So What Do You Believe?

There are many different approaches to Gaelic Polytheism, and some of them can be very different. Some consider themselves to be on a warrior path; others have an interest in pursuing the arts such as poetry (filidecht), or – like myself – a path that is primarily focused on the home and hearth.1

In some respects these different focuses result in very different expressions of belief and practice within Gaelic Polytheism; it is also true that not everyone who might share the same kind of focus will practice in exactly the same way. Either way, as much as there may be differences, there are also commonalities, and a lot to be learned from others no matter what their personal focus might be.

I can’t claim speak for other members of the Gaelic Polytheist community in outlining my beliefs, and nor do I speak for others when talking about my practices. This website is very much a personal take on something that has yet to be codified into anything like a unified and standardised path. At this point in the development of Celtic Reconstructionism as a whole, or Gaelic Polytheism specifically, it seems unlikely that such a thing is even possible.

As a Gaelic Polytheist my focus ultimately lies in pre-Christian Irish belief and practice, but since my focus in particular is on Scotland, much of what I do and research is informed by Scottish culture and Scottish expressions of belief and practice, as they have evolved over time (both the Scots, Manx and the Irish ultimately have the same roots in pre-Christian Ireland, but time saw them evolve in different ways). Given this focus, I am learning Gaelic (Scots Gaelic), I honour gods that are particularly relevant to Scotland, and I refer to Scottish folklore to help me get a good idea of how to celebrate the festivals and my daily practices.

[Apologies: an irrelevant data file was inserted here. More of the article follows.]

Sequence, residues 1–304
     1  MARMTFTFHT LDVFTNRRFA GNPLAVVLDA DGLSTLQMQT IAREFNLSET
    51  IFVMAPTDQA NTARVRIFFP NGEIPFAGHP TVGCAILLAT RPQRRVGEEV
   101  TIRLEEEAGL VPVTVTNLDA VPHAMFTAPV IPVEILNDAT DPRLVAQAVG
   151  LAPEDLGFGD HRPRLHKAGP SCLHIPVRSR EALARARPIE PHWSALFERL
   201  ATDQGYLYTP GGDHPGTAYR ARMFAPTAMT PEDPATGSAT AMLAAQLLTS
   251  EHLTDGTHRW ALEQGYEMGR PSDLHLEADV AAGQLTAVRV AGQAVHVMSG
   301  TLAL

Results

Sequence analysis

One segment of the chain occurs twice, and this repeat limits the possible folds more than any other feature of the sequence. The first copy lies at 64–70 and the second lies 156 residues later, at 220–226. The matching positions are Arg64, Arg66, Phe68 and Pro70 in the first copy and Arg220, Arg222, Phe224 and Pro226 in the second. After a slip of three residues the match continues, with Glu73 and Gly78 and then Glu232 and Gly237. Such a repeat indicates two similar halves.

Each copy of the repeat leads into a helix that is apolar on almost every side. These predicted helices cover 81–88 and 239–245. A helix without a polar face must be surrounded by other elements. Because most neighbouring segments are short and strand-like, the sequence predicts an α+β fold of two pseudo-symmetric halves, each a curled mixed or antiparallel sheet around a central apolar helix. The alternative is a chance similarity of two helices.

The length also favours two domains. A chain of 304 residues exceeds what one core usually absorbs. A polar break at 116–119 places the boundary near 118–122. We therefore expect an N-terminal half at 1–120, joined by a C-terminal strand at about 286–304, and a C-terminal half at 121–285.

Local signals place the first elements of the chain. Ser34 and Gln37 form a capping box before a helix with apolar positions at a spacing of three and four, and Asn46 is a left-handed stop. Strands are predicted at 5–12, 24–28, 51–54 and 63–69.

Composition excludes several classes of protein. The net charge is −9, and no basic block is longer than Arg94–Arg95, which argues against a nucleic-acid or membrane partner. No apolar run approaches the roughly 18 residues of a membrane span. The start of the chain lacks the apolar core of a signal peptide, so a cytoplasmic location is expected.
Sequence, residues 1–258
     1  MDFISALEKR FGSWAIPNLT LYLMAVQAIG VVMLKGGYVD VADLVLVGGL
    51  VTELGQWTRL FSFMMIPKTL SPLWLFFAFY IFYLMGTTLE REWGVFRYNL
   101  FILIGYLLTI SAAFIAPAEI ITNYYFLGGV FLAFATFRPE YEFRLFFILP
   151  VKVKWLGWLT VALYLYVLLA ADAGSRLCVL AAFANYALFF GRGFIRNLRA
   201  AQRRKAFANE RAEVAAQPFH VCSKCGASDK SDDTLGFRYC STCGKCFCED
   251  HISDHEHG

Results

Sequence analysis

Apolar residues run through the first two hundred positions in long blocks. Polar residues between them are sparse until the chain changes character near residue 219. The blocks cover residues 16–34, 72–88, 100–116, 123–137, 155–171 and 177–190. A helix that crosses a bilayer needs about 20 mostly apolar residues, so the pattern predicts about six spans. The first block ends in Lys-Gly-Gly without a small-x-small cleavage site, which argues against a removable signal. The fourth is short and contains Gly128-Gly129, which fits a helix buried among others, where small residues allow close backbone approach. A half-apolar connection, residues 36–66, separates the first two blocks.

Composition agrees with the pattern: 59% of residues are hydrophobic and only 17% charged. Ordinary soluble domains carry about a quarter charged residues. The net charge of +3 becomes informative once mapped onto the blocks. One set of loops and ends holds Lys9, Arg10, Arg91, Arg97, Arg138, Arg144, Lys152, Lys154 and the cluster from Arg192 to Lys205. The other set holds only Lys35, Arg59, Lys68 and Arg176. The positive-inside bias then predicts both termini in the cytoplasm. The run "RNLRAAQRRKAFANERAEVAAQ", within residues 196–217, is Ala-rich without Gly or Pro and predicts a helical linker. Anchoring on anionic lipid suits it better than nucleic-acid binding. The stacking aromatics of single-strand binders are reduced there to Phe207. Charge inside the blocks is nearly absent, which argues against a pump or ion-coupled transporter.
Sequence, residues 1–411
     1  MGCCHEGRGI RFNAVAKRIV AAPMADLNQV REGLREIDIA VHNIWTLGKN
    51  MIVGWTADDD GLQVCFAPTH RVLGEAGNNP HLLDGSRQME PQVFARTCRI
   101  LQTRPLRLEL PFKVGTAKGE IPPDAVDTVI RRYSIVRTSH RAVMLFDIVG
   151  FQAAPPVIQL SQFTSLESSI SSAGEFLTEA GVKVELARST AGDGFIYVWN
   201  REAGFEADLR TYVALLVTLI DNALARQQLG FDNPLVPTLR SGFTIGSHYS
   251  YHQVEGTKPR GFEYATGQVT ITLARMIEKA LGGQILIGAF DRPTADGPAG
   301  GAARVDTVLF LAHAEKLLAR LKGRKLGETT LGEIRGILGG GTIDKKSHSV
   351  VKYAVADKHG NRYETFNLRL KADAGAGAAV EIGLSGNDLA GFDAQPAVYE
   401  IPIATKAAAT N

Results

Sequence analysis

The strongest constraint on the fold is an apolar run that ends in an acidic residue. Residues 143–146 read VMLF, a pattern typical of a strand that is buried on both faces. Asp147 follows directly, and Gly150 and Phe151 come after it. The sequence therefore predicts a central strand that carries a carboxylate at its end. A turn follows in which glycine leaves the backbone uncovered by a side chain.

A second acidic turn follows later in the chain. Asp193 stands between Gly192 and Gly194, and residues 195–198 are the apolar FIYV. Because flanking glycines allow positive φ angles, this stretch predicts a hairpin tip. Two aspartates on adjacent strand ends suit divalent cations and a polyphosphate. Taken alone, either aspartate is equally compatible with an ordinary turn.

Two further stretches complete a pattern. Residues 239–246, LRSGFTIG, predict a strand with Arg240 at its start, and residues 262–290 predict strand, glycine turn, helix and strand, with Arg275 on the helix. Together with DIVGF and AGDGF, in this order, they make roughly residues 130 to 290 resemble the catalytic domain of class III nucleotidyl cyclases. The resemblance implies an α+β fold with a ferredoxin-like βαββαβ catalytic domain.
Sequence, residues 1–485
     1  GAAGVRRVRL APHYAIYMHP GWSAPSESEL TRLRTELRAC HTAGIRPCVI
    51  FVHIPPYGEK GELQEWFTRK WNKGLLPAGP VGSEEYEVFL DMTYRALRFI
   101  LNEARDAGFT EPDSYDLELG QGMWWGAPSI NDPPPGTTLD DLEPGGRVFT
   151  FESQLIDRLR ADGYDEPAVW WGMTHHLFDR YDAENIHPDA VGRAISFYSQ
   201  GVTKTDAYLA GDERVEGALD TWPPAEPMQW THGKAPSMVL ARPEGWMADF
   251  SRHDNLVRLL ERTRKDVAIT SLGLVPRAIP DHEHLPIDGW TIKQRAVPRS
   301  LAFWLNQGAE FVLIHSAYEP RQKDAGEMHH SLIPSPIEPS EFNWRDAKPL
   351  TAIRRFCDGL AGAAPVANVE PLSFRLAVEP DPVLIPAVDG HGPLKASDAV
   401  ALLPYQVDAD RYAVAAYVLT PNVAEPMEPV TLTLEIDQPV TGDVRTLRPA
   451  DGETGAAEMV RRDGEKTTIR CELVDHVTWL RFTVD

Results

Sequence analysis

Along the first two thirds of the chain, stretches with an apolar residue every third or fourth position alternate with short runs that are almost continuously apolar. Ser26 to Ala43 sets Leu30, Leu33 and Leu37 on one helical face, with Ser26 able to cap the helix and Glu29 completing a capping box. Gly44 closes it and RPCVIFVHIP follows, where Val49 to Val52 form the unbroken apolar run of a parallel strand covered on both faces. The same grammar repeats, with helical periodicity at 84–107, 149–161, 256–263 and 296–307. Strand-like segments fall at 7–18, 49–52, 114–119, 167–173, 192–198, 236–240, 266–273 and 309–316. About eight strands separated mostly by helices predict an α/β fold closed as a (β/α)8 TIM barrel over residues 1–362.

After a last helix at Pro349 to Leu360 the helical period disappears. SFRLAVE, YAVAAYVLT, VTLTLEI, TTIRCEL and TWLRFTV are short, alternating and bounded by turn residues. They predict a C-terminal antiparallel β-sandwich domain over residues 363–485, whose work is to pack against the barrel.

The hearth is the focus of my practices since I believe it to be central to the home, family, and therefore my ancestors. In this sense it provides a link with the past, and also with the gods, spirits and ancestors, since the flame of the hearth nourishes and warms, just as I believe the gods and ancestors are involved in the well-being of myself and my kin. Since I don’t have a literal hearth in the kitchen of my home – the heart of the home, as I see it – I maintain a representation of it there, on a shelf:

Là Fhèill Brìghde 2009Là Fhèill Brìghde 2009

Along with a candle that can be lit for the festivals and other occasions, I also maintain certain bits and pieces that represent important aspects of my practices; some things are associated with the deities I am closest to, with the spirits of this land/area I live in, or things that represent the realms of land, sea and sky. Some items are associated with certain ancestors or other honoured dead, and it is for this reason that I situate my shelf (‘hearth’) in the west – the direction of the ancestors – while other items include protective charms, a ‘hob house’, a dealbh Bride (icon of Bride) that I make each year, and symbols of the season. As part of my devotions, it is a place where I can leave offerings before moving them outside.

In addition to marking the Quarter Days I perform Daily Practises and observe additional festival days that are relevant to Scottish practice specifically. These include religions celebrations at Là na Caillich (March 25th), which celebrates the final triumph of spring against the desperate efforts of the Cailleach to cling on to the winter season. Other celebrations include Hogmanay, one of the most important days in the modern Scottish calendar, as well as joining in with national, cultural celebrations on Burns’ Night and St Andrew’s Day.

I believe that the gods, spirits and ancestors are as distinct as much as they can be closely intertwined: Sometimes the gods might be seen as spirits, or as ancestors, or both, or neither of these things. They are timeless, and they are Otherworldly. They are in this world and outside of it. As part of my practises, I work to build a relationship with the land I live on by leaving offerings to the gods or spirits of the place. In building this relationship, I make these offerings both in my immediate environment (i.e. my garden), as well as at certain vantage points in the village I live in; at high spots, or at the beach, looking out across the sea to Argyll and Bute: